Sunday, 21 November 2010

Social Media will not get you into heaven.

Sorry everyone, but my background in Theology and former life as a teacher of Religious Education requires me to point out to you a simple truth:
Your use of social media is not the factor that will determine whether or not you go to heaven
On the Day of Judgement, when the Book of Life is opened, the test of whether or not you are granted access to the heavenly realm will not be how acquainted with social media you were while on Planet Earth. The Recording Angel will not be checking up on how many followers you had on Twitter, how many friends you had on Facebook, or how many contacts you had on LinkedIn.

Why, dear reader, am I pointing this out?

It's this: there's a breed of individuals evolving at the moment for whom the test of whether you're In or Out, Saved or Damned, appears to be how committed you are to the cause of Social Media.

How about this from the pages of the (I'm afraid to say it) increasingly dubious Harvard Business Review:
As a social media geek, I rarely go a day without convincing a friend that even a 42-year-old can enjoy Facebook, or hectoring a colleague about how much time and effort they could save with social media communications, or coaxing a communications pro into embracing social media as a core part of their professional practice. I bat aside the protests about age, time commitment and personal preference.
HBR: Countering the Excuses for Avoiding Social Media (and Video Games)

Convincing: OK. Coaxing: perhaps a bit patronising. But Hectoring? Batting aside protests? Aren't we going a bit over the top here? (And, incidentally, as a person who is significantly on the far side of the category described, I find the "even a 42-year-old" comment deeply offensive.)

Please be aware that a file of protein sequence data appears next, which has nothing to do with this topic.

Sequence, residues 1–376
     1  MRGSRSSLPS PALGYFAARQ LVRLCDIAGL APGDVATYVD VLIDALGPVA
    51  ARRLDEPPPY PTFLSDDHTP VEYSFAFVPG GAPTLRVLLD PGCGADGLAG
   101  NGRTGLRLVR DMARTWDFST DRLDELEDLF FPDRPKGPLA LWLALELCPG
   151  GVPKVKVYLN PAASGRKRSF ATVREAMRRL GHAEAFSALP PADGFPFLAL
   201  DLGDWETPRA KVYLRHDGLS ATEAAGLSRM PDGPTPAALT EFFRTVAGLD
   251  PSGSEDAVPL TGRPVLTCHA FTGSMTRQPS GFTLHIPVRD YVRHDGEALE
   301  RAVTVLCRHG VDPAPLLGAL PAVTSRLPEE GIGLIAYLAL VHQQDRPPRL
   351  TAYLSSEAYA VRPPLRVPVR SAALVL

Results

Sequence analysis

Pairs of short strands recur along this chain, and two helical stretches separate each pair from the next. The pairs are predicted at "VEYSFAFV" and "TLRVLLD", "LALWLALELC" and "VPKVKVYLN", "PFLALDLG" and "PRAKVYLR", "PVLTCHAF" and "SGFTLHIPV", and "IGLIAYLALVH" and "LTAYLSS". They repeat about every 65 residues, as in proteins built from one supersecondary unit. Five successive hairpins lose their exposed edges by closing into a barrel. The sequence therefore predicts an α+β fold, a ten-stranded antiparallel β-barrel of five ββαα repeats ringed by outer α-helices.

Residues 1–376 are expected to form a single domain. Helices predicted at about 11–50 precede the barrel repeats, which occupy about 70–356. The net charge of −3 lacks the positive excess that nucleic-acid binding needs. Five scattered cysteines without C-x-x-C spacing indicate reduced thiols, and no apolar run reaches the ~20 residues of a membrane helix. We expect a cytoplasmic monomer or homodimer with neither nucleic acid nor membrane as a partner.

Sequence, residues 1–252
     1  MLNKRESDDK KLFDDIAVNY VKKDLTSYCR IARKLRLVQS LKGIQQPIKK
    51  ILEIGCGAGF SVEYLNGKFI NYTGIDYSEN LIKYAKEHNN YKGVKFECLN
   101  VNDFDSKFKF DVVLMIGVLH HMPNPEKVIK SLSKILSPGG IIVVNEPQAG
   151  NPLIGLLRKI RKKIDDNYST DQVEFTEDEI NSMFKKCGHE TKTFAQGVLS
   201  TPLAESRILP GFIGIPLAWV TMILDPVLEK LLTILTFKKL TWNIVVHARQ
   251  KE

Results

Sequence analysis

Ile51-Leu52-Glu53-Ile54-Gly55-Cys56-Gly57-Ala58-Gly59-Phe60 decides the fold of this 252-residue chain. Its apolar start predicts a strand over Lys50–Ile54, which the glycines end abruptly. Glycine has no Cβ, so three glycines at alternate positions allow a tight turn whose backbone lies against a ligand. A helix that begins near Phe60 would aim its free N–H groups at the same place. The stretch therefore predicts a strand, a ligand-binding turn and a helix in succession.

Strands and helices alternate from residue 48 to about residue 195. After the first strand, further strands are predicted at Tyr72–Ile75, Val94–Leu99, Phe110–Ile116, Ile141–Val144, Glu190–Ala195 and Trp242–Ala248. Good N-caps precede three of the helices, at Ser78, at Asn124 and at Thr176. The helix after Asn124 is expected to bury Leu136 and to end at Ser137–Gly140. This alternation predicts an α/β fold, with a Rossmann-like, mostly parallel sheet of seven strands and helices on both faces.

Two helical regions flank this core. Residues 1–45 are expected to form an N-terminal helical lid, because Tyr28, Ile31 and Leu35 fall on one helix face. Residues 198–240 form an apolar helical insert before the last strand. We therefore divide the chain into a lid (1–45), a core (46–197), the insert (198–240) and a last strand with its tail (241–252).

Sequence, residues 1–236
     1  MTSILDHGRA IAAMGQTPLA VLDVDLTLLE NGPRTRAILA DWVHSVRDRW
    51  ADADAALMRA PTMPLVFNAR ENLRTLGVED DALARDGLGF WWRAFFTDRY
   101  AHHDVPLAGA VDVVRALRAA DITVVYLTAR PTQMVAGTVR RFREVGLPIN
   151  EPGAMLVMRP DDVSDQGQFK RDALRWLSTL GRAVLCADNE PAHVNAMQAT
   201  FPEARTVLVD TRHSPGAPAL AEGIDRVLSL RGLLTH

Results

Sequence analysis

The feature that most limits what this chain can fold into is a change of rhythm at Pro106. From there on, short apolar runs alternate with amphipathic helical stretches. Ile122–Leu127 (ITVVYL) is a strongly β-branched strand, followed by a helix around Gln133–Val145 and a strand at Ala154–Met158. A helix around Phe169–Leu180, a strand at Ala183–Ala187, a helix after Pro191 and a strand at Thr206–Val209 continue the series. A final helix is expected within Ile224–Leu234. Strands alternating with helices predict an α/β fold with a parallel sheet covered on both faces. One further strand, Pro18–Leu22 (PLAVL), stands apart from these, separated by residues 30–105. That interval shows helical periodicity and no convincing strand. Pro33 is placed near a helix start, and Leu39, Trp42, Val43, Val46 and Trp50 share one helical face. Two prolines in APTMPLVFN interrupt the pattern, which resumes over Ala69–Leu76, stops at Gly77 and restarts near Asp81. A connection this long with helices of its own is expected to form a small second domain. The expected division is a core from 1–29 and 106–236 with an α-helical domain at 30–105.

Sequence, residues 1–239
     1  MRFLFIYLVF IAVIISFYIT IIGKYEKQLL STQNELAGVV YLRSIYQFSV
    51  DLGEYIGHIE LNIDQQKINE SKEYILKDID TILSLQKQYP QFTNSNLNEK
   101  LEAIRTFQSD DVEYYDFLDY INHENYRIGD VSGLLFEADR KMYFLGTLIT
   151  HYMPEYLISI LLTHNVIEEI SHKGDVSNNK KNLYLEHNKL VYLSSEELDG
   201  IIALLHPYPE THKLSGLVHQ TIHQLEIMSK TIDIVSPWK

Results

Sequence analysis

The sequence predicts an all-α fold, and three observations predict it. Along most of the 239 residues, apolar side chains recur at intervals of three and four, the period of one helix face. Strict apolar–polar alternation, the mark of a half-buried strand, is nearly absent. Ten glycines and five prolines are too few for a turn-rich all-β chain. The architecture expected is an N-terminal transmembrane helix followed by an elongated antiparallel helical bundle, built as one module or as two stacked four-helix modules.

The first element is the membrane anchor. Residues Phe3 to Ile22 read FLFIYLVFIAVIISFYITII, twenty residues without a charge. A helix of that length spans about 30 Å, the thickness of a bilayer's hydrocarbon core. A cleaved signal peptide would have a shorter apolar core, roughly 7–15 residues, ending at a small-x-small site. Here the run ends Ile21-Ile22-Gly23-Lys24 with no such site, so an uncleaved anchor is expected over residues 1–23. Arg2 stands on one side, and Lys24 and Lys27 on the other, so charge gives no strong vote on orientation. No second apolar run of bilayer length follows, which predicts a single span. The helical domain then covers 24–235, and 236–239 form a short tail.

Here's a bit more of what I'm talking about. A couple of weeks ago, I participated in an online discussion which addressed such issue as "Why HR are afraid of social media." To me the debate (to continue with the theological terminology) appeared to demonise those unconverted to the use of social media, and almost suggest that to deny the benefits of social media was tantamount to an Unforgivable Sin. I was eventually provoked into remarking that those who do not use social media are not Bad People!

As recently as this morning I observed a conversation between two guys in my network (sorry, Bill and Gareth - it's not personal!) where the health of attendees at a local CIPD branch meeting was judged largely on the number of Twitter (3) and LinkedIn (2) accounts represented by those present. 

So. Let me put out a challenge to those of you who are avid users of social media:
Where on the scale from Evangelist to Extremist are you? Are you a Missionary or a Zealot? A Fan or a Fanatic? What scope is there for someone in your circle to say "I just don't find this sort of stuff particularly relevant or helpful in my social or professional life" without you looking around for the thumbscrews?
And before sending the inquisition round to the offices of HR Case Studies, I trust that you'll note that I haven't actually stated my position on this one! The point I'm making is that if we're not careful , the message will get in the way of the (social) media.

And on that note, I will run for cover!


  1. Graham,
    the quote is out of context but I take your point. You might find this old post interesting although at the time it provoked a whole range of reactions and blog posts from the great and the good.
    my view is that social media is part of the mix but not the whole mix.
    social media is not the silver bullet, nor is it the devil.
    Like all things, the more evangelical you are, the more scarey you become.
    The actual twitter conversation you dropped in on was refering to a social media evening for the local CIPD. I was suprised to find only 3 twitter accounts and 2 linked In accounts amongst them. I suggested that #connectingHR were needed in these parts.